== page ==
KANAB, Utah (CBS19 NEWS) -- A national organization has released its latest report on the number of cats and dogs that go through shelters each year, with Virginia ranking well.

According to a release, Best Friends Animal Society considers a 90 percent “save rate” as a national benchmark for an animal shelter to be considered “no-kill.”

This factors in that about 10 percent of pets that go into shelters have medical or behavioral circumstances warranting euthanasia for humane reasons rather than euthanasia due to lack of space.

In 2021, more than 98,700 animals were saved in Virginia, giving the Commonwealth a save rate of 86.3 percent. That is out of the 114,420 animals that went into shelters.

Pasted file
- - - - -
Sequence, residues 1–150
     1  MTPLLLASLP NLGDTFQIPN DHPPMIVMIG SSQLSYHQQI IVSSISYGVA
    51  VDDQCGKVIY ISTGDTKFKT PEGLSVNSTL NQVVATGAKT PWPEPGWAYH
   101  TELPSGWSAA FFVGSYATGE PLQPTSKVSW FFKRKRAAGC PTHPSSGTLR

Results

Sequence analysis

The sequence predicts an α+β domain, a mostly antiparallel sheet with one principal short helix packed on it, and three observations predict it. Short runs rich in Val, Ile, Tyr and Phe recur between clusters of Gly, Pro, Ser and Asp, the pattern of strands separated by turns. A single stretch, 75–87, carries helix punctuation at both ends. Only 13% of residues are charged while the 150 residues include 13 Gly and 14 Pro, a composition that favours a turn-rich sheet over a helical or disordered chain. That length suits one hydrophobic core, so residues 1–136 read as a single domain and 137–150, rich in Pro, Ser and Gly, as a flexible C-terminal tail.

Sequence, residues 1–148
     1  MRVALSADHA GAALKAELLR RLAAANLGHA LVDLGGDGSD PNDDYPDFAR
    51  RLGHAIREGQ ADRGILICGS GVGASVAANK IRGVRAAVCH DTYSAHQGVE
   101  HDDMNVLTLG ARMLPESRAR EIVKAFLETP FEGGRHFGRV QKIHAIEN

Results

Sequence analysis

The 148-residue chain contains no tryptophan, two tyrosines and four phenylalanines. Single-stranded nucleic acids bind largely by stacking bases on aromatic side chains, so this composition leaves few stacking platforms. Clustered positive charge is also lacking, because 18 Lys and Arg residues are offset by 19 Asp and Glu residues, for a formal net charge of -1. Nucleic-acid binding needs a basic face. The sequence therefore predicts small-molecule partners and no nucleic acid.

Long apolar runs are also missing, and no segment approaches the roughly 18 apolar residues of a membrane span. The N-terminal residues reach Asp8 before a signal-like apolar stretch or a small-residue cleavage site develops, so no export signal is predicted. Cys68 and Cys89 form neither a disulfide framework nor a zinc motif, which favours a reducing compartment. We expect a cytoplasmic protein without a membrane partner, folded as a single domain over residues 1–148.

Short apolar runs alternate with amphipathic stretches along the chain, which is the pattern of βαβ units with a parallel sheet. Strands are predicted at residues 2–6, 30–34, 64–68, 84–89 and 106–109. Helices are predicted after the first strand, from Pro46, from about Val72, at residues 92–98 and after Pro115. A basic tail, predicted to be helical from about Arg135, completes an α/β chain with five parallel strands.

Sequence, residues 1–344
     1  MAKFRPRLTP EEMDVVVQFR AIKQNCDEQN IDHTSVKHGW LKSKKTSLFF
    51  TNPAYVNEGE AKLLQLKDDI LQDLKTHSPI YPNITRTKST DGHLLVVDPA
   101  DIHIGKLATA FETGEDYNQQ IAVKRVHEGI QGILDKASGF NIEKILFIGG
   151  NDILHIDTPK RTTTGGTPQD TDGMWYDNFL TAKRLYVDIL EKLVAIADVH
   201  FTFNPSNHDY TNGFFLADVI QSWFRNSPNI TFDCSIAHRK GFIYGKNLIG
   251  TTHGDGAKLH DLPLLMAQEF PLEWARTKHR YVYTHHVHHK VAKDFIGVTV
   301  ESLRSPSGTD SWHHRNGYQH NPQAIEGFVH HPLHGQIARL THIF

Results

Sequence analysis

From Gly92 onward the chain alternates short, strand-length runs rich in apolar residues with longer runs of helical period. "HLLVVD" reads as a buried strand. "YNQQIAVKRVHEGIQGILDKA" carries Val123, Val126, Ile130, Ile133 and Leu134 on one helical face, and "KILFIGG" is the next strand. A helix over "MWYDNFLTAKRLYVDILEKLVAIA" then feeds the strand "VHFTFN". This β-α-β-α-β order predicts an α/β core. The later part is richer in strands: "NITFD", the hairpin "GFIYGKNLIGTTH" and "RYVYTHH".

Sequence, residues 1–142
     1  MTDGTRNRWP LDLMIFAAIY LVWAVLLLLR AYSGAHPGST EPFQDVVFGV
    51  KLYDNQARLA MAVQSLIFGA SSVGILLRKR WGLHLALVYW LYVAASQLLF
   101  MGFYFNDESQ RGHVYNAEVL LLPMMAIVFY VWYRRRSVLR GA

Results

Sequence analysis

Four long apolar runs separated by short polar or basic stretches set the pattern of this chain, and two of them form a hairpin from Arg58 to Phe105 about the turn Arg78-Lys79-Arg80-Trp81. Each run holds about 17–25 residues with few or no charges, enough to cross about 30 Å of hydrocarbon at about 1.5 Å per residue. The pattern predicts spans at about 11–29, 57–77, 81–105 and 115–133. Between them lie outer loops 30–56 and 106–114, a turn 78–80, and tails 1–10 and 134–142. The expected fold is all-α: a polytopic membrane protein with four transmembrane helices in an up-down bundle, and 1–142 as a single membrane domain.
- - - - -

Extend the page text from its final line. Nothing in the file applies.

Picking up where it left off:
Additionally, more than 60 percent of the animal shelters in Virginia reached the 90 percent benchmark to be called “no-kill” facilities.

The release says shelters that fell below this benchmark needed to save about 5,400 more healthy or treatable animals in order to put Virginia among the list of no-kill states, which is when every brick-and-mortar shelter that is located within or serves a state has a save rate of 90 percent or higher.

At this time, only two states are considered "no-kill," Delaware and New Hampshire.

In 2020, Virginia’s save rate was 84.8 percent with 60 percent of shelters hitting the 90 percent benchmark.

The release says that for the first time in five years, shelter systems across the country have been seeing a setback in their lifesaving efforts.

For 2021, the number of dogs and cats that were euthanized for reasons other than severe medical or behavioral issues increased from 347,000 to 355,000.

In part, staffing shortages that resulted in limited hours, decreased volunteer hours, reduced adoption events, and lack of pet care support were among the reasons listed for this.

Best Friends found that the animal shelter crisis in the country has grown due to increasing intakes and fewer adoptions.

To view the report, click here.